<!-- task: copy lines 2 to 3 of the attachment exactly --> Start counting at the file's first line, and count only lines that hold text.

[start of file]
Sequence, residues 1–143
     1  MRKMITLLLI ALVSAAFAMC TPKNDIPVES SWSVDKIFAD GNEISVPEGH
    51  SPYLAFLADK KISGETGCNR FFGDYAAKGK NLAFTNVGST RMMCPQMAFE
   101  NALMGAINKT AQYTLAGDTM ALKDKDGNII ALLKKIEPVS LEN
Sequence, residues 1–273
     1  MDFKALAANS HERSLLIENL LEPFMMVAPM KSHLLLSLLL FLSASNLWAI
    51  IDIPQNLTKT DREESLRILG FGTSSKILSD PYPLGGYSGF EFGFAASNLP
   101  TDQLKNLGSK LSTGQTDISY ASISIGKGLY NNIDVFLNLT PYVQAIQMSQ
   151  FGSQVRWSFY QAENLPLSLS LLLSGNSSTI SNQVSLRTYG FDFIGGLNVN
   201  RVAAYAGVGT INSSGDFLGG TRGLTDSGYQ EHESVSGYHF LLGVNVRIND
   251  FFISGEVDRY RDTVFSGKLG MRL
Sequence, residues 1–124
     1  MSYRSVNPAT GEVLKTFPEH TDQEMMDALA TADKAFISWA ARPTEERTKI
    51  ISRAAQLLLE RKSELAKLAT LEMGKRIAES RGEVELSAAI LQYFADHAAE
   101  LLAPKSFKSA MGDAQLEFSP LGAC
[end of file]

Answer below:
     1  MRKMITLLLI ALVSAAFAMC TPKNDIPVES SWSVDKIFAD GNEISVPEGH
    51  SPYLAFLADK KISGETGCNR FFGDYAAKGK NLAFTNVGST RMMCPQMAFE